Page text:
James Wolfe used very similar language when describing Scottish Highlanders during the ’45 and both Native Americans and French Canadians during the expeditions against Louisbourg and Quebec in 1758 and 1759. He made his contempt toward all three groups clear in his correspondence to various personal and professional acquaintances. In 1751 Highlanders were described as having a “villainous nature” and in 1758 he called the Native Americans fighting against the British “bloody rascals,” adding that it would give him “pleasure to see the Canadian vermin sacked and pillaged.”
The definitions that the army had applied to the Highlanders during the ’45 were later applied to both the French Canadians and Native Americans as officers saw what they believed to be similarities in all three groups. Defining the populations as savages led to a blurring of the distinction between combatants and non-combatants and caused a relaxation in the adoption of the articles of warfare during the conflicts. Punitive measures were adopted against all in the region with crops and houses burnt, men killed, provisions seized and livestock driven off. Elsewhere in North America the army adopted particularly violent tactics when attempting to pacify Native American nations both during and after the French and Indian War. As had been the case in the Highlands, the perceived savagery of the population group and their “otherness” directly contributed to the adoption of such tactics.
The British army also embarked on a process of militarization during and after the French and Indian War as a standing army remained in the colonies, forts and garrisons were constructed and maintained in the backcountry and the newly conquered territories, and military officers adopted policies reminiscent of those first implemented in the Highlands. The militarization of North America was intended, as in Scotland, to both restore peace and to govern potentially hostile populations in a geographically distant fringe of the empire. The secondary aim of the British imperial elite continued to be the closer assimilation within the British Empire of the various groups of “others” they encountered.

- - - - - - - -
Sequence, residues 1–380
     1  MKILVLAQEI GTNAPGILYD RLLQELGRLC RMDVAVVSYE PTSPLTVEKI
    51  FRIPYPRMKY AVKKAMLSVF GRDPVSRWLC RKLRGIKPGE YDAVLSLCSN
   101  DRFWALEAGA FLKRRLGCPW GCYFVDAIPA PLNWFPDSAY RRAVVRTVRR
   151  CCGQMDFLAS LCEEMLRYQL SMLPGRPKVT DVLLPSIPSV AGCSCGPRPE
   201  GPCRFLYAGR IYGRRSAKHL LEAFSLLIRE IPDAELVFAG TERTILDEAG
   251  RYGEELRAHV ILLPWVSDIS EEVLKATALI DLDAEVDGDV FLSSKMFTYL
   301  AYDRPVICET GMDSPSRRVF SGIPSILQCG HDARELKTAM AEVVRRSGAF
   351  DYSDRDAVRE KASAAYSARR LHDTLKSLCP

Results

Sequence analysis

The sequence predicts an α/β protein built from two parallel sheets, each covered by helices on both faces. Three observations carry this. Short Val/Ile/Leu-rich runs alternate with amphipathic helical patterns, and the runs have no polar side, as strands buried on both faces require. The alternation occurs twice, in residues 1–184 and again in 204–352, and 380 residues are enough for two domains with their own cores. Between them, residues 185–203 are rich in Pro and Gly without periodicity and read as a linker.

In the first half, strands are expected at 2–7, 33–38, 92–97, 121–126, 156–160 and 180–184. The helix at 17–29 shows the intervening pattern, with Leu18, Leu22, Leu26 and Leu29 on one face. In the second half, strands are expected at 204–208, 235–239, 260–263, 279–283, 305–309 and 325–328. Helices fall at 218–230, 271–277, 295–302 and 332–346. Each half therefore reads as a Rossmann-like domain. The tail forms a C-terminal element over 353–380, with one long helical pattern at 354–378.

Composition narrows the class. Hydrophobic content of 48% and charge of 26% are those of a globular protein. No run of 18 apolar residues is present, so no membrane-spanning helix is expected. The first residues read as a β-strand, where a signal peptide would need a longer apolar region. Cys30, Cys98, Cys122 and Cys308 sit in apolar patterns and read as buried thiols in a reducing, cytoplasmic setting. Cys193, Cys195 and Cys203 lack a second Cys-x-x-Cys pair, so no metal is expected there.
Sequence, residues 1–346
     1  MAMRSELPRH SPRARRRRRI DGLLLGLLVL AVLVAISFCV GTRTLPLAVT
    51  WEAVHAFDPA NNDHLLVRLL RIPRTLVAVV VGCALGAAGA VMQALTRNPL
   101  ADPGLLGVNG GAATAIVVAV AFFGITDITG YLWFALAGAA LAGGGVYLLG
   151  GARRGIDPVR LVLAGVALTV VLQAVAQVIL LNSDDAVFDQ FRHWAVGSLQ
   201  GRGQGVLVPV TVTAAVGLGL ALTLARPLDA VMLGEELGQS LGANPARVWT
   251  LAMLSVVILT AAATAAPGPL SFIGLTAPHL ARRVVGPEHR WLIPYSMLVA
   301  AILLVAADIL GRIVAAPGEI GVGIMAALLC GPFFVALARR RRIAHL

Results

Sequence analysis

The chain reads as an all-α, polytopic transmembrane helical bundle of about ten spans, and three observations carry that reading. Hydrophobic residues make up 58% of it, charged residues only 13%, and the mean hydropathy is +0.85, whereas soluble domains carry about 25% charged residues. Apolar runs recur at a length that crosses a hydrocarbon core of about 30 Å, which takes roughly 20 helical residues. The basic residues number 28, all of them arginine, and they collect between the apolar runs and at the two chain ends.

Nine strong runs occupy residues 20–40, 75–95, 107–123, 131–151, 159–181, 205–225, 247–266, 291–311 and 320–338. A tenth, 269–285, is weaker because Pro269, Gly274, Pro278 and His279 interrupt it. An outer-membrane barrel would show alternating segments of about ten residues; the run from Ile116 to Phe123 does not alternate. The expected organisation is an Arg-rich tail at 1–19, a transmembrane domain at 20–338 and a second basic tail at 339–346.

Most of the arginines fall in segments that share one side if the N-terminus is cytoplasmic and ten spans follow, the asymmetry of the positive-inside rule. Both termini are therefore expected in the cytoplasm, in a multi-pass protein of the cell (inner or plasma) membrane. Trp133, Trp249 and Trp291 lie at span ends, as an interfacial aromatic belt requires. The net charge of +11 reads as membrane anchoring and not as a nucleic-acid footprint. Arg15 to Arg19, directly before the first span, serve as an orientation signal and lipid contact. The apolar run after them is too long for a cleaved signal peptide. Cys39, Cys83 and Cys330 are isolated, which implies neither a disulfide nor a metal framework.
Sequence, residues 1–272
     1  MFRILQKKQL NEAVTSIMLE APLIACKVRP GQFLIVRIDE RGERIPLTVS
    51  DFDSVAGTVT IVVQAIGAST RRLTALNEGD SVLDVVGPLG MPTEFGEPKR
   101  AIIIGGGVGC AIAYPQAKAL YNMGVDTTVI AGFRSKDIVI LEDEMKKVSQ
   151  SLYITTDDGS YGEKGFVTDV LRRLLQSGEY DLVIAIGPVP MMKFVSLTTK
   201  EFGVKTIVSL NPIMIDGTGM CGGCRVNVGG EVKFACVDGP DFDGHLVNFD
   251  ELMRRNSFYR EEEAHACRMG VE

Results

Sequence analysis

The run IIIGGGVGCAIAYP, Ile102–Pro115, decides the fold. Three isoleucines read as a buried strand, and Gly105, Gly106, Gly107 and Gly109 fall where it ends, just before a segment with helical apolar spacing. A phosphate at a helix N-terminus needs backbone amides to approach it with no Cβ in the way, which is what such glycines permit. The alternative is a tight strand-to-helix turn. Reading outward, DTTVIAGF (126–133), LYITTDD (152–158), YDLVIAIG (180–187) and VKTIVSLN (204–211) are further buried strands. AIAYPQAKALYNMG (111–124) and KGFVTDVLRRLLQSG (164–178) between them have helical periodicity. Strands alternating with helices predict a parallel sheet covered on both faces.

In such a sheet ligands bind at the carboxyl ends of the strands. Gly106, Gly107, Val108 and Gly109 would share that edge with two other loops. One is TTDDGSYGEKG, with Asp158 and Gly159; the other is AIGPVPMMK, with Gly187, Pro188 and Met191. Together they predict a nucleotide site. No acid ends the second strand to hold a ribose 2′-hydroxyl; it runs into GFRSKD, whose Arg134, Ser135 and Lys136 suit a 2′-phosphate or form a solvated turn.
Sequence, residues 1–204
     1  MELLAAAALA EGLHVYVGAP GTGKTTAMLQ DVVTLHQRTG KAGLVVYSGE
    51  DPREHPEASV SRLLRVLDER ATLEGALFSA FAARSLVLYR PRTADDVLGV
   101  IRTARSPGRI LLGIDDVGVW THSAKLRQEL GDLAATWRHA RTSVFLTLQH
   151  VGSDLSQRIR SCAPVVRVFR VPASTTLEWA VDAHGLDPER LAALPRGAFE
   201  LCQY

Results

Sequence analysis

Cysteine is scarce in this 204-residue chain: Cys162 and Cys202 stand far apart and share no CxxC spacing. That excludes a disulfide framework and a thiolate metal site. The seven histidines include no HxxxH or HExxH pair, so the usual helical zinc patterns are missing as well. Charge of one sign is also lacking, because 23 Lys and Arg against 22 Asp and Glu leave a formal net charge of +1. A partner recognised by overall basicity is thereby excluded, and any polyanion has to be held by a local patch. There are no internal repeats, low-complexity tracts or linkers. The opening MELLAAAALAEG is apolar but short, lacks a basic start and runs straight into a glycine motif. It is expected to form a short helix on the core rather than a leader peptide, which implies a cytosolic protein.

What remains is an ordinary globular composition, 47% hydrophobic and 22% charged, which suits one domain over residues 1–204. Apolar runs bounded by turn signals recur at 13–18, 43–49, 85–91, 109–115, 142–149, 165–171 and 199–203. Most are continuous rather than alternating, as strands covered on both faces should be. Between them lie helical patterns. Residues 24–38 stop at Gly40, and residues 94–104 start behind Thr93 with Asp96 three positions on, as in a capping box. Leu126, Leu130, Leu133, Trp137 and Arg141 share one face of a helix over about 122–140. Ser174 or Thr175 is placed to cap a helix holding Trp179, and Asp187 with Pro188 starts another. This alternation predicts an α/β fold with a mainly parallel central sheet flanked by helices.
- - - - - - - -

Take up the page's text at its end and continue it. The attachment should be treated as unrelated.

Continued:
Despite the fact it took place thousands of miles from North America, the Jacobite Forty-Five, and the British army’s response to it, shaped attitudes, actions, and encounters in that theater right up until the outbreak of the American Revolution. Officers including John Campbell, James Wolfe, and Thomas Gage relied upon their experiences in one fringe of the empire as they attempted to overcome the problems British imperialism faced in another.
 Detail on the steps taken by the British to militarize the Highlands in the aftermath of Culloden can be found in the State Papers Scotland series and the Forfeited Estate papers at the National Records Scotland, Edinburgh. For an excellent discussion of Highland recruitment into the British army see Andrew Mackillop, More Fruitful than the Soil: Army, Empire and the Scottish Highlands, 1715–1815 (East Linton: Tuckwell, 2000).
 Geoffrey Plank, Rebellion and Savagery: The Jacobite Rising of 1745 and the British Empire (Philadelphia: University of Pennsylvania Press, 2006).
 Beckles Wilson, The Life and Letters of James Wolfe, Repr. ed. (Memphis: W. Heinemann, 2010), p. 110–111, 269–270, 273.
 For example few need to be reminded of Jeffrey Amherst and the smallpox controversy during Pontiac’s War. Bernhard Knollenberg, “General Amherst and Germ Warfare,” Mississippi Valley Historical Review 41, no. 3 (1954): 489–94